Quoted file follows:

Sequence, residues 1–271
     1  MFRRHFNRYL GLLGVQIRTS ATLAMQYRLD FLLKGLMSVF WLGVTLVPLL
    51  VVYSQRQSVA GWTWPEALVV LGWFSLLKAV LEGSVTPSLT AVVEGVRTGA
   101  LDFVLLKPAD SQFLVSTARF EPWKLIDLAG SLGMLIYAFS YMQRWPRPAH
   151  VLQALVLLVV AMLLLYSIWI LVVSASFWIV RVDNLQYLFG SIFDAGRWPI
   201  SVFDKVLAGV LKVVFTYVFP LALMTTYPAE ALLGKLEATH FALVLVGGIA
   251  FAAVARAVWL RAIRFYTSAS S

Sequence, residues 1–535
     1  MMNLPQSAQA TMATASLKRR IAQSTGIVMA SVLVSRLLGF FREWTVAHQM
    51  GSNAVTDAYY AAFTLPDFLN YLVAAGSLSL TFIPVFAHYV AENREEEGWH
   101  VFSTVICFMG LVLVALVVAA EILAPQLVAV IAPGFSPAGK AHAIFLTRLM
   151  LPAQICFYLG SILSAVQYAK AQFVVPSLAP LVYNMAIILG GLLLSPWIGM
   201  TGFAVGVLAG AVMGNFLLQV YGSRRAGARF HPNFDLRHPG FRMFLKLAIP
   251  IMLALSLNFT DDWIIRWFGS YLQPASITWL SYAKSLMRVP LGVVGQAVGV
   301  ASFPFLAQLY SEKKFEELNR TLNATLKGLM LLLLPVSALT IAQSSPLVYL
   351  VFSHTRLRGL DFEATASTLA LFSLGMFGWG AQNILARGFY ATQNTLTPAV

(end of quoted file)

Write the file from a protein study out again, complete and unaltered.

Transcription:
Sequence, residues 1–271
     1  MFRRHFNRYL GLLGVQIRTS ATLAMQYRLD FLLKGLMSVF WLGVTLVPLL
    51  VVYSQRQSVA GWTWPEALVV LGWFSLLKAV LEGSVTPSLT AVVEGVRTGA
   101  LDFVLLKPAD SQFLVSTARF EPWKLIDLAG SLGMLIYAFS YMQRWPRPAH
   151  VLQALVLLVV AMLLLYSIWI LVVSASFWIV RVDNLQYLFG SIFDAGRWPI
   201  SVFDKVLAGV LKVVFTYVFP LALMTTYPAE ALLGKLEATH FALVLVGGIA
   251  FAAVARAVWL RAIRFYTSAS S

Sequence, residues 1–535
     1  MMNLPQSAQA TMATASLKRR IAQSTGIVMA SVLVSRLLGF FREWTVAHQM
    51  GSNAVTDAYY AAFTLPDFLN YLVAAGSLSL TFIPVFAHYV AENREEEGWH
   101  VFSTVICFMG LVLVALVVAA EILAPQLVAV IAPGFSPAGK AHAIFLTRLM
   151  LPAQICFYLG SILSAVQYAK AQFVVPSLAP LVYNMAIILG GLLLSPWIGM
   201  TGFAVGVLAG AVMGNFLLQV YGSRRAGARF HPNFDLRHPG FRMFLKLAIP
   251  IMLALSLNFT DDWIIRWFGS YLQPASITWL SYAKSLMRVP LGVVGQAVGV
   301  ASFPFLAQLY SEKKFEELNR TLNATLKGLM LLLLPVSALT IAQSSPLVYL
   351  VFSHTRLRGL DFEATASTLA LFSLGMFGWG AQNILARGFY ATQNTLTPAV